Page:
Posted 4/13/2014 07:28 am
Updated 4 months ago
LITTLE ROCK — Attorney General Dustin McDaniel's decision to appeal a ruling striking down Arkansas' 12-week abortion ban isn't just giving hope to conservative activists who want to preserve one of the strictest abortion laws in the country. It also could inject a new focus on abortion and other social issues into dozens of statewide and legislative races that had been focused more on health care, taxes and other matters.
McDaniel announced last week he would appeal U.S. District Judge Susan Webber Wright's ruling against a law, approved last year, banning most abortions 12 weeks into a pregnancy. McDaniel, a Democrat, said he did so after warning Sen. Jason Rapert, the Republican sponsor of the measure, about the "risks and costs associated with an appeal."
"I agreed to do so as long as there would be no impact on the budget of the Arkansas State Medical Board, the defendant in this matter, should the state be required to pay attorneys' fees to the plaintiffs," McDaniel said in a statement released by his office.
McDaniel's decision re-opens a debate over abortion prohibitions that Democratic Gov. Mike Beebe and many others in his party had criticized as unconstitutional — and it's a debate that could continue through this fall's elections. The 12-week ban and another measure banning most abortions at 20 weeks were enacted after the Republican-led Legislature overrode Beebe's vetoes of them.
And it's a debate that opponents of the ban are confident they'll continue to win, at least in court.
"It's a colossal waste of time and taxpayer money," said Rita Sklar, the head of the American Civil Liberties Union of Arkansas, which sued over the 12-week ban. "It's going to mean a bigger fat check in the ACLU bank accounts, which will enable us to fight for more people's rights."
Democrats used the measures to bolster their argument Republicans were overreaching in the state Legislature and more concerned about divisive social issues. Launching his gubernatorial bid last year, Democratic hopeful and former U.S. Rep. Mike Ross singled out the bills as signs that the Republican-led Legislature was attacking women.
"These were clearly nothing more than attacks on women," Ross told reporters last year. "These were bills to give partisan legislators ammunition to use in their next campaign that, in litigation, is going to cost the state tens of millions of dollars. That's tens of millions of dollars they could be spending on education and economic development."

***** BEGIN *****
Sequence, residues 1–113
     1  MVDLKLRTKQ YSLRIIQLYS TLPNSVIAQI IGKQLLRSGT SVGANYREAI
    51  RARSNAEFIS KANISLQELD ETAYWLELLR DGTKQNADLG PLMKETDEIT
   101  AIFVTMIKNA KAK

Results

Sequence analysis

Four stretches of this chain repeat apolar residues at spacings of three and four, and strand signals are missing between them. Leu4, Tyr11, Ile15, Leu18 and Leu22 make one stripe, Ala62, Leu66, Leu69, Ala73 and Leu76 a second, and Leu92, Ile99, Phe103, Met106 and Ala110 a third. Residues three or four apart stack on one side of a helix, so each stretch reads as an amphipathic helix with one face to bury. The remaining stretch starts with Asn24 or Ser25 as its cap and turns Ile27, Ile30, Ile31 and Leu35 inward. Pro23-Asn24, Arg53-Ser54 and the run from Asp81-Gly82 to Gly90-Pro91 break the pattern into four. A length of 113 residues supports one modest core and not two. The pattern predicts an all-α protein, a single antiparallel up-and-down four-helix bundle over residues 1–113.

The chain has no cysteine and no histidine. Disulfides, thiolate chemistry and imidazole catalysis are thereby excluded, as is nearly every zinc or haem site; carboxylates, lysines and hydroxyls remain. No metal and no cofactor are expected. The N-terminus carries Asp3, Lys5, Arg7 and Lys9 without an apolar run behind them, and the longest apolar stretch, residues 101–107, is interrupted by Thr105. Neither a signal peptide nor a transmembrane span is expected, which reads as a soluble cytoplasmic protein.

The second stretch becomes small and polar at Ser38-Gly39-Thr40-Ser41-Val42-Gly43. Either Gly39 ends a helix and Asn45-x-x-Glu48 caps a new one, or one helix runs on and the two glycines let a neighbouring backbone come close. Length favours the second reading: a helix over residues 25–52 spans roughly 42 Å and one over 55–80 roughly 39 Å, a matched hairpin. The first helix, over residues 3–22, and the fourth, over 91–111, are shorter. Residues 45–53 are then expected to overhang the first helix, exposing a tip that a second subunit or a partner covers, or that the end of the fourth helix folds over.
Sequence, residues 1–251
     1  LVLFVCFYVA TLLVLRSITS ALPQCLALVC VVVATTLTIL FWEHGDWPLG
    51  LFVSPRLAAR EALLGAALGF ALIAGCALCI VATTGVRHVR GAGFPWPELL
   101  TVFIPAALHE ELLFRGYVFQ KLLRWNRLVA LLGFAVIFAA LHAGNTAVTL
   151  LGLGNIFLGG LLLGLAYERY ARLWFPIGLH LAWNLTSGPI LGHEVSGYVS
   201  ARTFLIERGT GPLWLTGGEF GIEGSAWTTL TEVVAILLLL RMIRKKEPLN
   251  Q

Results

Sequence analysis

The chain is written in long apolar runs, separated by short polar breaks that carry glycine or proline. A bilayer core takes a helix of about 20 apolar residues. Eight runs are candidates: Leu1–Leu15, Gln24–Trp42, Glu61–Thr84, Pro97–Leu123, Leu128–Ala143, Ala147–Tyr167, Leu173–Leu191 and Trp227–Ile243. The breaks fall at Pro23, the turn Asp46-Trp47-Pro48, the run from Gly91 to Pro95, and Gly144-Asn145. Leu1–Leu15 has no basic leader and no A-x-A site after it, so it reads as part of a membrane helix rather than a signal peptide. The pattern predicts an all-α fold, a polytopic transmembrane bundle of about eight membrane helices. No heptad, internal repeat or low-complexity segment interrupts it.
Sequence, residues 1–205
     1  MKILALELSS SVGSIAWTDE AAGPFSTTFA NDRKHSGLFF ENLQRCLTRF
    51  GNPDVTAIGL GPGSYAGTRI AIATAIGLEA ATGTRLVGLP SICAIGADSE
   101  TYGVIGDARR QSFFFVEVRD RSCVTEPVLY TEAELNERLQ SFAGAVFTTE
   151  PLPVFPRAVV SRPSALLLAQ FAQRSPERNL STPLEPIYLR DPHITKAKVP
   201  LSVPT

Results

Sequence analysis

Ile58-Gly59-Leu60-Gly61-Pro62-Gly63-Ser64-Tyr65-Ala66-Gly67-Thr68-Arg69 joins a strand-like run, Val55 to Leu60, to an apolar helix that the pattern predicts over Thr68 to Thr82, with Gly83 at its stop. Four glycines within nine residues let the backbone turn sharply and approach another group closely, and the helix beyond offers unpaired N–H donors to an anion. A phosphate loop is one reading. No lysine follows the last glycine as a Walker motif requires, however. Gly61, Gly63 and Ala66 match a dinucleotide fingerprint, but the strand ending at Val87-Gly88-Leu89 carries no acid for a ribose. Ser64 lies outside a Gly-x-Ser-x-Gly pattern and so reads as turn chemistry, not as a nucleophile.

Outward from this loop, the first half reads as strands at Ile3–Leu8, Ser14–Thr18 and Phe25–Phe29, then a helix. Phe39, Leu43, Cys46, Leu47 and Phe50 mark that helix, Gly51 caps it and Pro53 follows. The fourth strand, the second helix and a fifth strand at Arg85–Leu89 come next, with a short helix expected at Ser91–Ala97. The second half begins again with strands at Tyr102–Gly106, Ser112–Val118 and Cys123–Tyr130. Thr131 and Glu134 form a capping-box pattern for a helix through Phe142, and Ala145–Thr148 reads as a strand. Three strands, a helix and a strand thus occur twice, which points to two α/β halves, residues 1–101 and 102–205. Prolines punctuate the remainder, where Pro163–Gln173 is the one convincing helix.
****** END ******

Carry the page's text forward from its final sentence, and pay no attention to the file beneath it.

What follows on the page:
It's a comment that drew criticism from the rival campaign of former Lt. Gov. Bill Halter, who dropped out of the governor's race last summer, and Republicans who both noted that Ross had previously voted for federal legislation nearly identical to the 20-week ban Arkansas lawmakers adopted.
The debate over the abortion bans hasn't been as prominent in the governor's race between Ross and Republican hopeful Asa Hutchinson. The two former congressmen both face lesser known, underfunded rivals in the May 20 primaries but have been focused on each other and their expected general election matchup.
Instead of sparring over abortion or other social issues, Hutchinson and Ross have been touting their competing tax cut plans and pitching their own education initiatives.
The appeal could also play a role in the race for the Republican nomination for attorney general. The three GOP rivals for that post have been touting their anti-abortion credentials and say they believe life begins at conception. GOP candidates Patricia Nation, Leslie Rutledge and Patricia Nation vowed during a debate last week to defend the bans if they're elected.
The debate could also provide a preview of what anti-abortion measures could go before lawmakers next year. Abortion opponents say there's plenty left on their list of measures they want to try again. They include proposals to ban the use of telemedicine to provide the morning-after pill and efforts to cut off any public funding to Planned Parenthood.
"I believe you will continue to see my colleagues in the pro-life community continue to take measures to be sure we protect the lives of unborn children," Rapert said.
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